SYBIL GREEN: I'll just add the importance of any grant opportunity in any program being one to two. So it's one thing to be able to address bringing in the right medical students to be able to mirror the populations that they serve. It's something else to continue to support them along the way, and so not just stopping at the students, not just stopping at the research, but also making sure that was they're in practice they're supported.

And a couple of grants that we've had for some time focus on quality, not just in ensuring that quality services are delivered, but actually helping practices to determine how to identify gaps in [INAUDIBLE] populations that are underserved because we may not be able to identify those same gaps that we would identify in majority populations. And so by giving them the tools to some of the other programs that ASCO has to be able to identify those gaps and then to support them along the way is really important.

NARJUST DUMA: And I want to add to what Dr. Hudis mentioned about workforce diversity because this is one of my areas of research and passion. And it's extremely important to have a diverse workforce to represent the patients we're caring for. It's not only having a diverse workforce, but having a workforce that practices cultural humility. We cannot assume that we are proficient or we are competent in somebody's culture.

I'm a Latina. And there are so many Latinos in so many different backgrounds that I cannot learn them all. And I think it's important that early interventions are-- because when you get exposed to a specialty early on during the training, that would change your pathway. I'm the daughter of two surgeons. I'm supposed to be a plastic surgeon. But a patient with cancer changed my life and my pathway. So we're able to support those students that have less resources and less access-- and that also includes rural students-- they may don't be black or Latino, they may be white, but they come from rural areas with limited resources-- we are sure that we meet the patient needs because there are aspects I don't understand.

Like I'm in Wisconsin, and there are some aspects to farming I didn't know. Now I know when harvest is. And all of that allows us to plan appropriately. So I can see how important it is. And there's a task force that is run by Dr. Winfield, which I'm lucky to be part, that focuses on the workforce diversity.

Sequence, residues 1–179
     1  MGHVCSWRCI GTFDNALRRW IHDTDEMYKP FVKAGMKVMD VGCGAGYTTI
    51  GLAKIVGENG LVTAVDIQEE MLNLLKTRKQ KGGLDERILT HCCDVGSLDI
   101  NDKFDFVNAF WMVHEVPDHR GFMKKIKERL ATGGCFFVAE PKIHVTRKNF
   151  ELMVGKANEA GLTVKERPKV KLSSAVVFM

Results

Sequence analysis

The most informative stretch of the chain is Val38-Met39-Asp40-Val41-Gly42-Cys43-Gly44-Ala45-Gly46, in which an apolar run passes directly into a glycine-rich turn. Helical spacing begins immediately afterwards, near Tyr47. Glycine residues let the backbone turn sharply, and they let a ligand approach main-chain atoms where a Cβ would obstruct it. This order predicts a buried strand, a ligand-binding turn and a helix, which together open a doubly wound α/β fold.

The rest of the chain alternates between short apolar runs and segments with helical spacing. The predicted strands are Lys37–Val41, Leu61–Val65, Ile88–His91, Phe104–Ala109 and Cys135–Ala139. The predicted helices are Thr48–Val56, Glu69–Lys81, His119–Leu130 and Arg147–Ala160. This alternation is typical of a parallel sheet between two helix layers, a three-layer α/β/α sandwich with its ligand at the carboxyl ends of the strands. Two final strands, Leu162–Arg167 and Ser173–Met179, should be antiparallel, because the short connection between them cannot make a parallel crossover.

Along those lines, as a minority in medicine, I have seen up and downs of the interest in workforce diversity and health equity. I think many events in 2020 helped a lot of people open their eyes or be more conscious like, oh, that's not isolated. That happens in my back yard. It happened in Kenosha, Wisconsin. But we want to hear how is ASCO making these things long term, how the internal and external changes are going to be long term? And I will start with Mrs. Green and then go to Dr. Hudis.

SYBIL GREEN: So in terms of making it long term, it can't be one and done. I think quite often when we focus on equity and diversity issues, we always look at diversity first. And so whether it's workforce or whether it's increasing opportunities for access, you can't just look at the numbers. You have to also think a little bit deeper. You have to think about culture. And so culture with humility, like you mentioned, Dr. Duma, is important, but making sure that attitudes are changing along the way.

And that happens through self-awareness. That happens through understanding. And I think that ASCO plays a real role in making sure that our members understand what the issues are and how to dig past those things and provide them with the tools to be able to [INAUDIBLE]. ASCO I think, is not unique. And the idea that this is all new to us has gotten a lot of attention because of some of the social and racial injustice. But what that means is that our members now are probably more interested in ensuring equity than ever before.

But we have to teach them how to do it. We have to teach them how to speak the language. We have to teach them how to be more aware, both in their own organizations, at ASCO internally, and for their patients. And so it's a cultural change. It's not going to happen overnight. It's gradual understanding of the dynamics, gradual understanding of different peoples goals, and meeting them where they are, so that we can help them to move along, so that we can come to a more equitable and just [INAUDIBLE].

CLIFF HUDIS: I think one of the things Sybil and I spoke about this summer is we launched our internal EDI effort-- relates to this. And that is this is not about identifying a leaky pipe and patching it and saying, well, we're done now. This is actually, in my view, a permanent change in the way we see work and the way we see our growth. So the goal is to reach a specific landmark. The goal is to change how we think about our work and how we think about our role in the world, so that we're constantly improving.

And it's a journey, not a destination, I think, which sounds trite. But that's the spirit of it. And it gets to your question about how we make sure that the commitment is continuous and not just while it's [INAUDIBLE] and exciting. And I think we are committed and dedicated to that.

I do want to present a related challenge because it's something you said really sparked this thought for me. As a physician, when did you know that you wanted to be a physician? How old were you?